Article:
You Probably Don’t Need Dental X-Rays Every Year

The following originally appeared on The Upshot (copyright 2016, The New York Times Company).

My dental hygienist complimented me on the health of my teeth and gums. Then she said something that you, too, have undoubtedly heard while sitting back in the dentist chair.

“Would you like bitewing X-rays? It’s been a year since your last ones. Your insurance will cover them annually.”

The easy answer was: “Yes. Bring on the bitewings!” They are, after all, painless, don’t take much time, and, as I was reminded, would not cost me a penny because they are covered by my insurance.

But the easy answer isn’t necessarily the right one. Do I need bitewing X-rays every year?

The American Dental Association says I don’t, and you may not either. Adults without apparent dental problems do not need dental X-rays of any kind every year, the A.D.A. says. Adults who properly care for their teeth and have no symptoms of oral disease or cavities can go two to three years between bitewing X-rays, according to the A.D.A.

Adults with a high risk of cavities (like those with a history of them) should receive them at least every 18 months, and possibly more frequently, depending on the condition of teeth and gums.

The interval between X-rays is determined by the rate at which cavities develop. Typically, it takes about two years or more for cavities to penetrate adult teeth enamel. The rate is faster for children, so the recommended bitewing intervals are shorter for them.

However, children with adequately spaced primary (baby) teeth and no cavities do not need any dental X-rays. Older children with a low propensity for cavities can go 18 months to three years between bitewing X-rays. Those at the highest risk may need them more frequently.

Bitewing and other dental X-rays have their place; there is risk in not taking them. Sometimes decay can spread quickly. The X-rays help dentists see cavities, gum disease, the position of teeth still below the gum line and other dental conditions not visible with the naked eye. Other kinds of dental and orthodontic imaging — like full-mouth, full-head, panographs or 3-D cone-beam computed tomography — reveal more.

But dentists tend to overuse them. Jay W. Friedman, a dentist who advises Consumer Reports on dental issues, has been warning of overuse of dental imaging since the 1970s. “Many patients of all ages receive bitewing X-rays far more frequently than necessary or recommended,” he said. “And adults in good dental health can go a decade between full-mouth X-rays.”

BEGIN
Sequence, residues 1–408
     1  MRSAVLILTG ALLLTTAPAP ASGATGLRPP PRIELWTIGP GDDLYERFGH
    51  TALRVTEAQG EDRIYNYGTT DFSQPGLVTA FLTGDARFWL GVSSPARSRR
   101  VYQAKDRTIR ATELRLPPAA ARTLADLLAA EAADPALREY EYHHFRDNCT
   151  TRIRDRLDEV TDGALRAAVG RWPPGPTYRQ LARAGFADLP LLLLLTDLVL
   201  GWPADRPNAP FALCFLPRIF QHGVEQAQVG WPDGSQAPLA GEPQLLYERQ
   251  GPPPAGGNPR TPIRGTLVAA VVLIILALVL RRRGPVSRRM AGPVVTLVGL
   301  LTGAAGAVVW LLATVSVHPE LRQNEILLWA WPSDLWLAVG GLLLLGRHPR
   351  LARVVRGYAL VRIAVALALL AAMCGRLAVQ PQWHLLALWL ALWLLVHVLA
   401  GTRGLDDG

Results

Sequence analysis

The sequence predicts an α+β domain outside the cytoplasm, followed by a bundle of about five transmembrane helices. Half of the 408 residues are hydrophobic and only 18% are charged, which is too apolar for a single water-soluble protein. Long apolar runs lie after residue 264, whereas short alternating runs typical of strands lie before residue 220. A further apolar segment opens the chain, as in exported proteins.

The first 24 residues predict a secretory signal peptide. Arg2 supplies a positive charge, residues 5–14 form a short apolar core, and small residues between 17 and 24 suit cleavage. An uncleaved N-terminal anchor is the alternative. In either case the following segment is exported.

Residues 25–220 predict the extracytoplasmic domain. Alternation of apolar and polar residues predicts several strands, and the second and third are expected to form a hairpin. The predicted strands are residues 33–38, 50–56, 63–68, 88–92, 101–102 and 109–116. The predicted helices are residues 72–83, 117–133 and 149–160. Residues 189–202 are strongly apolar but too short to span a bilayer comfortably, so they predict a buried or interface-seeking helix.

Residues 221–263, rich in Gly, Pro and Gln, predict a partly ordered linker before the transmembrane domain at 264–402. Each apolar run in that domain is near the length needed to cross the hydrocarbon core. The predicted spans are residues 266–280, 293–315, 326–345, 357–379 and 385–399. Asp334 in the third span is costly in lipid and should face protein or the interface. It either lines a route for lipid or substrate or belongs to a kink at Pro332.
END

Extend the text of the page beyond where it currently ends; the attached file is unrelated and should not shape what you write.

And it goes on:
Other X-rays used for orthodontic treatments, wisdom tooth extraction and implants — like cephalographs (side-view X-ray of the skull and jaws) or 3-D cone-beam computed tomography — are not needed on a routine basis, according to Dr. Friedman. One study found that although X-ray images increase orthodontists’ confidence in their diagnoses and treatment plans, the vast majority of the plans are formed before viewing them.

All X-rays can be harmful, though the radiation dose of bitewings isrelatively low. Of all the medical radiation patients receive, dental X-rays account for less than 3 percent. But the harm from radiation is cumulative. Every X-ray adds to the risk of damage that can lead to cancer.

An unnecessary bitewing or other dental X-ray is an unnecessary harm. And a cone-beam C.T. scan confers the same radiation dose as six traditional dental X-rays, with only limited evidence of greater diagnostic or treatment value over imaging with lower radiation.

Though dental X-rays blast a relatively low dose of radiation — as compared with other medical imaging — one study of over 2,700 patients appeared to find a link to an increased risk of intracranial meningioma, the most common form of brain tumor (when radiation exposure from X-rays was greater than in the current era). Patients with a tumor were twice as likely as patients without one to have had a bitewing X-ray.

A limitation of the study is that its findings were based on patient recall of dental X-rays, not more objective medical data, which is not available. However, the study is consistent with earlier and smaller ones that documented increased risk of tumors associated with dental X-rays.

Though your insurance may cover annual bitewings, they’re not free. The prices insurers or uninsured patients pay vary, but a full set of bitewingstypically runs about $60. That’s as much as the price of a cleaning at many dental offices. So, when dentists take bitewings at routine visits, they may be doubling their revenue. Other types of dental X-rays can cost more. For some people, it’s a needless expense that comes with needless risk.

My answer to my hygienist’s offer of annual bitewing X-rays: “No thanks. Let’s wait a couple of more years.”


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